Can lower returns lead to more money in retirement?
Can lower returns lead to more money in retirement?
The impact of sequencing and volatility on portfolio value.
Returns, risk, pricing models, optimal portfolio construction—there are so many facets of effective investing and portfolio management. As busy as most of us are, who has time to really dig in and question conventional wisdom? So when well-known publications have said over the years that active management results in lower returns than passive management, I used to take that information at face value. But like many things in life, the deeper you dig into the “passive management wins” numbers, the less satisfying you find the conventional “wisdom.” Two important problems with the common arguments concern risk and withdrawals. It turns out some “passive wins” news stories don’t take risk or withdrawals into account. But how much do those factors really matter? In fact, their impact is so strong that leaving them out of the discussion may lead to financially destructive conclusions.
Active strategies using momentum and value can outperform passive on both an absolute and risk-adjusted basis.
Let’s start with a bit more information comparing active and passive strategies. Dr. Antti Ilmanen, a Ph.D. graduate of the University of Chicago and currently managing director at AQR Capital Management LLP, wrote a book in 2011 titled, “Expected Returns: An Investor’s Guide to Harvesting Market Rewards.” After examining a number of business and academic sources, Dr. Ilmanen found momentum and high book-to-market ratio (referred to as “value” for simplicity)—both active management strategies—significantly outperformed stocks, bonds, and almost all other asset classes on a risk-adjusted basis. I can already hear some of you saying, “But my clients only care about absolute returns.” Of course they do, and who can blame them? But how would they feel if we showed them how lower average returns with less volatility could result in significantly more money in their pockets?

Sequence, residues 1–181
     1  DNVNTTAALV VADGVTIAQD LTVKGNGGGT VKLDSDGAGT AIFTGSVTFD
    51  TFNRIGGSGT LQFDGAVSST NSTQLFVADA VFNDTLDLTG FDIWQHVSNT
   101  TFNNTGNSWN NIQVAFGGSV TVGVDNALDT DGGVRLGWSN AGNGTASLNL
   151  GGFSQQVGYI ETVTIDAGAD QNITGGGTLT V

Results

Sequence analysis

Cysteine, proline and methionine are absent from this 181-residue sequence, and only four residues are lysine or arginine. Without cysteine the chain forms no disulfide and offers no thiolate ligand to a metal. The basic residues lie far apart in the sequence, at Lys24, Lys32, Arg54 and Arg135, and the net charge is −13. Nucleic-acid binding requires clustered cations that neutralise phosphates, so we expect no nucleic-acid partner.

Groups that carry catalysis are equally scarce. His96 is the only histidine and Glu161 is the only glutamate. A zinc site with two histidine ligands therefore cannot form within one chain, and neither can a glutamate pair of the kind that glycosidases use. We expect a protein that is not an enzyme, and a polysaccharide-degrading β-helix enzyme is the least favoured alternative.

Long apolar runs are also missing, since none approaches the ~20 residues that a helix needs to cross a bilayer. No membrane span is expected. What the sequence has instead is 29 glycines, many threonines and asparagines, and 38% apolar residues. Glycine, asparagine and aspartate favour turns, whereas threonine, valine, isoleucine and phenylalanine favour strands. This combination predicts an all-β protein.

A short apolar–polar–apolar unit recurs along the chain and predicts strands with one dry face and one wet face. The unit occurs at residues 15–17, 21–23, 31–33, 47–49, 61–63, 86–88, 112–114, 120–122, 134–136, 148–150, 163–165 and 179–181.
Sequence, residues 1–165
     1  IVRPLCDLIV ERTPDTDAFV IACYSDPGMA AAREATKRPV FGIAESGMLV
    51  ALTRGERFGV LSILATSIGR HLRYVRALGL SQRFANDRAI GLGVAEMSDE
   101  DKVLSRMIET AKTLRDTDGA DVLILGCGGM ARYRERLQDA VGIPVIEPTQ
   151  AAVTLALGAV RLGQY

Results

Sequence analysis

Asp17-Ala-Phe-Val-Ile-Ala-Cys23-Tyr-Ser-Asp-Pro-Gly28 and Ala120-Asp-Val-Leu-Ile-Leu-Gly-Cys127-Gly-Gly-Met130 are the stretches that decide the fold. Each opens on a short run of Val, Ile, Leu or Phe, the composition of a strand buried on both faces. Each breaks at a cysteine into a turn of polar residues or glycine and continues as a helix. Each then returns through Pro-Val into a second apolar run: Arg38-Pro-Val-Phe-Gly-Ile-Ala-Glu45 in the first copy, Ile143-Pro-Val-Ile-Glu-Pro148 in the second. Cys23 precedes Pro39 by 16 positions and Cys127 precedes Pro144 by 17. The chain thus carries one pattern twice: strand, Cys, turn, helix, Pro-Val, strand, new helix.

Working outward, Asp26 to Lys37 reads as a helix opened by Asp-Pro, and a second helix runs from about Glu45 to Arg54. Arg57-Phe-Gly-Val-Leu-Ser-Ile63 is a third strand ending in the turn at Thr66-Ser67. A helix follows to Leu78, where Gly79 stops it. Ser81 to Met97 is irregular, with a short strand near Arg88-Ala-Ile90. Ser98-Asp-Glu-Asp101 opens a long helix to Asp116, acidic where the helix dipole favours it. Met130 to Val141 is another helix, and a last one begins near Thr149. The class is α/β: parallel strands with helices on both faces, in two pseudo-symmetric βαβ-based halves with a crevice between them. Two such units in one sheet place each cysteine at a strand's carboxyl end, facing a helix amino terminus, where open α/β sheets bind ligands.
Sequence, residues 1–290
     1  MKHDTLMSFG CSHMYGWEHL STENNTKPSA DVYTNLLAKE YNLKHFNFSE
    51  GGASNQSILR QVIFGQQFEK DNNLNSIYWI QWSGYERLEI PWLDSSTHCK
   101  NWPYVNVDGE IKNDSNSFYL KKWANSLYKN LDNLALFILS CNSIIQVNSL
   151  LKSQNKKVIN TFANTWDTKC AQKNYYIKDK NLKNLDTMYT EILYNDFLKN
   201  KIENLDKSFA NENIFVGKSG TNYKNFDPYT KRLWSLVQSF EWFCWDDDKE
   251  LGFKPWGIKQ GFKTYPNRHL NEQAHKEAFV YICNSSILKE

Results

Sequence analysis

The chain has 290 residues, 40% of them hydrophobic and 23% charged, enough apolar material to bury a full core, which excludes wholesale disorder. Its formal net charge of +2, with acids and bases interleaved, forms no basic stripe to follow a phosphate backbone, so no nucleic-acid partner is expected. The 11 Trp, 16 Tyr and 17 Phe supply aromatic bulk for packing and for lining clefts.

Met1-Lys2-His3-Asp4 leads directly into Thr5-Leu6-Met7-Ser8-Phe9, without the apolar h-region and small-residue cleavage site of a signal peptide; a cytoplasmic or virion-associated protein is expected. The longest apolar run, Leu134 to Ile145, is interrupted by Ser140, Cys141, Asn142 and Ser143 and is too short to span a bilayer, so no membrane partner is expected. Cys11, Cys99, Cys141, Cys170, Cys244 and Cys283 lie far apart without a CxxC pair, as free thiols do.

Let’s walk through an example. Say you have two clients, Paula and Ann. Paula has heard through the news that active management is a “bad deal” for investors and she only wants to use passive investment strategies in her portfolio. Ann, on the other hand, is more open to active strategies and believes that in the hands of a skilled advisor, they can provide significant benefits. Dr. Ilmanen and others have shown that active strategies using momentum and value can outperform passive on both an absolute and risk-adjusted basis. But for the sake of argument, let’s say that when we consider fees, passive management outperforms an active portfolio during the hypothetical 10-year period we will use in our example. More specifically, the arithmetic average return is 8.5% for the hypothetical passive portfolio and 7.0% for the hypothetical active portfolio. We use the arithmetic average return because it is often used by proponents of passive management strategies as “proof” that a hands-off approach outperforms. As shown in Figure 1, the final value of Paula’s passive portfolio is slightly higher than Ann’s actively managed portfolio, although the difference—only about $16,000—is probably smaller than you might expect.
Figure 1: Comparative hypothetical returns without withdrawals
So even though the hypothetical active portfolio had 1.5% lower average annual returns, the passive and active portfolios have almost the same overall performance over 10 years. But I forgot to mention something: both Paula and Ann need to withdraw $50,000 each year from their respective accounts. Since Paula’s passive portfolio had the slightly higher absolute returns in Figure 1, you would expect her portfolio to outperform Ann’s despite the withdrawals, right? Wrong. Let’s take a look at the table including the withdrawals.